The Conservative Party’s manifesto pledge to invest £9.2 billion to improve the energy efficiency of the UK’s homes, schools and hospitals is under threat as controversial advisor Dominic Cummings pushes for the funds to be allocated elsewhere, the Financial Times reported this week.
Boris Johnson’s election manifesto, unveiled in November, included ambitious plans to spend £6.3 billion to install new boilers and insulation in 2.2 million homes. The schemes would focus on social housing and households in fuel poverty and save them as much as £750 on their energy bills each year.
But Chancellor Rishi Sunak’s first budget, released in March, failed to include large-scale spending commitments for efficiency. It gestured vaguely at “reducing emissions from homes” and allocated just £100 million toward grants for heat pumps and biomass boilers, to replace the expiring Renewable Heat Incentive (RHI).
Whitehall insiders have said Mr Cummings is the source of the holdup. Boris Johnson’s embattled chief advisor reportedly sees the efficiency upgrades as “boring old housing insulation” and has expressed scepticism about the UK’s target to reach net zero emissions by 2050. He would prefer the money to be spent on building new homes.
However, figures in the Treasury and Department for Business, Energy and Industrial Strategy (BEIS) remain supportive of an efficiency programme, which is seen as one of the best means of cutting emissions and creating jobs.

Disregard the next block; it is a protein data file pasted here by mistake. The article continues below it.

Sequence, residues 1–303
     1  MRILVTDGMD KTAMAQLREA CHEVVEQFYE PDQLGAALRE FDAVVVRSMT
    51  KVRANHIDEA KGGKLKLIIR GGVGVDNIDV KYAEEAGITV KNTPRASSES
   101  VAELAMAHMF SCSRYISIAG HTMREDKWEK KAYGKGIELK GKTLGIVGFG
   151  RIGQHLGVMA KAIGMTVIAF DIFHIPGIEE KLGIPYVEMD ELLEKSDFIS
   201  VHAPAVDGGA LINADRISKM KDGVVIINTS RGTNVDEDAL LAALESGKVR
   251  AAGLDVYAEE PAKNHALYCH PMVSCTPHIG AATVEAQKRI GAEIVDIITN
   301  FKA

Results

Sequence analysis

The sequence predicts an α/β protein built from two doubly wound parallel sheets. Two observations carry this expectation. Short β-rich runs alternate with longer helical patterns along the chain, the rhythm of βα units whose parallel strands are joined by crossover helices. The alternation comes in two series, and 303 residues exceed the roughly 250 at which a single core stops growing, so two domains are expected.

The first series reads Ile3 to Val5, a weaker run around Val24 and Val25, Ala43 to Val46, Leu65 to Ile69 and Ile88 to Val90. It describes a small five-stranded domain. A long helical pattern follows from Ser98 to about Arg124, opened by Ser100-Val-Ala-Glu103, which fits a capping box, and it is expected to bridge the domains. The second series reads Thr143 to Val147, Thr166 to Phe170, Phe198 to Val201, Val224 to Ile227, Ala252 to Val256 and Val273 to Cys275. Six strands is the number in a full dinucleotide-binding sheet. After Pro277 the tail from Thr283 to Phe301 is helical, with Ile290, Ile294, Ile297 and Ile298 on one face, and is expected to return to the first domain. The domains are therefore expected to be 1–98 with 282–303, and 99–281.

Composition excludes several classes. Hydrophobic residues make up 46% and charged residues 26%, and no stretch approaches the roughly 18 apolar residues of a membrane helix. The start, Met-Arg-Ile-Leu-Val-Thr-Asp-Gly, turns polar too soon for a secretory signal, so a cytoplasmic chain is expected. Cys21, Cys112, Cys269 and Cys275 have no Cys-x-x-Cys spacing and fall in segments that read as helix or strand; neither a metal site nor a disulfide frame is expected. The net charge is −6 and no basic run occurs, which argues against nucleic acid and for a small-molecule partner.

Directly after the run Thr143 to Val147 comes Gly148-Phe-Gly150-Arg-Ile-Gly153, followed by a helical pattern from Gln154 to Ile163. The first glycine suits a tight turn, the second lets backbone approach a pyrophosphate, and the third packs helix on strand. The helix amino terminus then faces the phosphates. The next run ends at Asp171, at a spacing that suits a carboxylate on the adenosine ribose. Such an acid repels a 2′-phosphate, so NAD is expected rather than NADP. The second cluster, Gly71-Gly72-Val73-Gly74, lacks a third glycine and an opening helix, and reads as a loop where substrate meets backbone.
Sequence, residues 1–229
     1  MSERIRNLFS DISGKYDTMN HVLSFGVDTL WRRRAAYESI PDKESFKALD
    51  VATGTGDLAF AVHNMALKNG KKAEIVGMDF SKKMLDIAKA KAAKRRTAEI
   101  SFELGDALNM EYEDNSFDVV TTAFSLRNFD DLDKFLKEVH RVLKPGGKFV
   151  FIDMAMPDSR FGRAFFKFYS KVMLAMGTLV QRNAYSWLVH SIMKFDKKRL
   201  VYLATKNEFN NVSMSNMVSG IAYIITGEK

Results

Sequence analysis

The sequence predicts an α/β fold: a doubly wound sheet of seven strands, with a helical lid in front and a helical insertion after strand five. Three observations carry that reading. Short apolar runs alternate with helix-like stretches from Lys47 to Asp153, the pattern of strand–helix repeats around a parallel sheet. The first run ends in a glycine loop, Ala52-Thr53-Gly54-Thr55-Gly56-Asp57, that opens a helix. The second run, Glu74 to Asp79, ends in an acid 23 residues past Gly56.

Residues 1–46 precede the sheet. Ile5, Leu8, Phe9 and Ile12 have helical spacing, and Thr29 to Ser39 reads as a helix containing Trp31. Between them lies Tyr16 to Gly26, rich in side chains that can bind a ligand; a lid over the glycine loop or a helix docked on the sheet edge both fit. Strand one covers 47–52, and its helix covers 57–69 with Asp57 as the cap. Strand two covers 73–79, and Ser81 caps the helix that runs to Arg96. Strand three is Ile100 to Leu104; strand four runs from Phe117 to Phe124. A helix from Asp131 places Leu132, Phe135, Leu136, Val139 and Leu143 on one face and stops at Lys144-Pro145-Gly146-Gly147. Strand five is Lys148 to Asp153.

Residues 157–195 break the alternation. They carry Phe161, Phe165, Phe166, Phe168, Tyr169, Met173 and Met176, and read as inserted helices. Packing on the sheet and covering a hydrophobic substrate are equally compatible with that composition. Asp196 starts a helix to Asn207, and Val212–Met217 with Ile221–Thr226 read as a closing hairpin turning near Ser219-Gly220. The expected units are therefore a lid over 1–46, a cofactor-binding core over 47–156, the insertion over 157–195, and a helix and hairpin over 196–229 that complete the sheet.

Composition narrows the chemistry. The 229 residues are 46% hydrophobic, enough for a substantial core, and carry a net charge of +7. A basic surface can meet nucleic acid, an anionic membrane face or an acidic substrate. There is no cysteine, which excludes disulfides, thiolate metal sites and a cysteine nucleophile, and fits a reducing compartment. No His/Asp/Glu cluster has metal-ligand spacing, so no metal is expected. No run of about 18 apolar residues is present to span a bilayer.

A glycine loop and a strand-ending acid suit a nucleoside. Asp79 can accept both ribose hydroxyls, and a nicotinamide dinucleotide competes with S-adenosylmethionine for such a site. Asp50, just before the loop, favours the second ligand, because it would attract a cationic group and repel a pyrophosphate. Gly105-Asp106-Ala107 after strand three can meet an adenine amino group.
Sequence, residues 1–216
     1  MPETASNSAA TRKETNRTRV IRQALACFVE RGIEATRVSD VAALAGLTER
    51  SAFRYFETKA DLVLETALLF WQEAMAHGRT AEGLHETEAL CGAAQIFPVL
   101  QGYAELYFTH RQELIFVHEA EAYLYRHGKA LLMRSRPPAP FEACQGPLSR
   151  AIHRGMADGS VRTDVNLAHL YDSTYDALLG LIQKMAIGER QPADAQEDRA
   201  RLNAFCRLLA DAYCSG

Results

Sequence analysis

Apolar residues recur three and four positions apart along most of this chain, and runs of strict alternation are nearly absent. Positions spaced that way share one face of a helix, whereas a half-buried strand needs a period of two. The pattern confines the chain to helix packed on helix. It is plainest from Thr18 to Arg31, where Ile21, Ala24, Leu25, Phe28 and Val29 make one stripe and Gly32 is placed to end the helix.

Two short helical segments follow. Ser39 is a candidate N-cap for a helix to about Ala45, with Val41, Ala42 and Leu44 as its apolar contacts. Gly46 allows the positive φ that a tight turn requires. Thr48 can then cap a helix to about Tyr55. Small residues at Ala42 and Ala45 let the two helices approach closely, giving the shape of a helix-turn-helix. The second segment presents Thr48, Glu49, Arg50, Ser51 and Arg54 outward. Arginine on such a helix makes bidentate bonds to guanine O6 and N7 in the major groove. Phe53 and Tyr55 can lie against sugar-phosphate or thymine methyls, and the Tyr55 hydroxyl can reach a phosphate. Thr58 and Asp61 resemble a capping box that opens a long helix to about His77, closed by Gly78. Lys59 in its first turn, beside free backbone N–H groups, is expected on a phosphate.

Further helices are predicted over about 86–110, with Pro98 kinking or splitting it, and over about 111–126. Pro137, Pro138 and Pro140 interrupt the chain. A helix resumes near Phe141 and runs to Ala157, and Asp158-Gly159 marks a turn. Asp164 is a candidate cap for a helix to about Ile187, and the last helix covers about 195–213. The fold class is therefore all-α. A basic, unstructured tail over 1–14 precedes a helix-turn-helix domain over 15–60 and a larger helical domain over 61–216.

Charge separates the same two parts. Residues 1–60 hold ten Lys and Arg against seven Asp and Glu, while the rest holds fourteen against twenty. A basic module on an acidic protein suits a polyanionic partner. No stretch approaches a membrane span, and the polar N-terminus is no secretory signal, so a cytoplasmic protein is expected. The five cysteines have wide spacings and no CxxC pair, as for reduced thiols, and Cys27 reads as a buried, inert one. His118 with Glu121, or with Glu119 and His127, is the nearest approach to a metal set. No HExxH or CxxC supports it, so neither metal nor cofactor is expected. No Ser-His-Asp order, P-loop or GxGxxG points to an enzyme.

The House of Commons’ Environmental Audit Committee (EAC) is launching an inquiry into home insulation, cautioning that the UK’s net-zero target is unachievable without urgent action to improve the country’s leaky and inefficient housing stock.
Tory MP Philip Dunne, chair of the EAC committee, is urging Johnson to press ahead with the efficiency plans to meet the “vast” environmental and economic challenges ahead. “The government made a powerful commitment in its manifesto to invest £9.2bn to improve the energy efficiency of social housing and public buildings but has yet to bring forward policies to deliver this,” he said.
The Committee on Climate Change (CCC), the government’s independent climate advisors, is also encouraging the government to make good on its manifesto promise, calling for a “national effort” to transform the country’s homes so they can better weather climate change.
Chris Stark, chief executive of the CCC, told the FT: “We need buildings to be energy efficient, water efficient and we need them to be protected against the increased risk of overheating as the climate changes.
“There’s a manifesto pledge to fund it, the economics stack up. I suppose you could say if you don’t do it now, when are you going to do it. This is a really, really important thing to start.”
Meanwhile, the government released details of an £80 million funding pot to cut emissions across the economy—less than 1% of the funding promised for home efficiency upgrades.
£30 million will be directed at the first phase of the Industrial Energy Transformation Fund (IETF), aimed at reducing the emissions in energy-intensive industries like car manufacturers and steel plants. Another £25 million will be targeted at developing heat networks, including one in Gateshead that will harness geothermal water from disused mineshaft to heat 1,250 homes.
The remaining £24 million will be devoted to developing new approaches for installing insulation in social housing at scale, rolling out heat pumps and launching new green home finance products.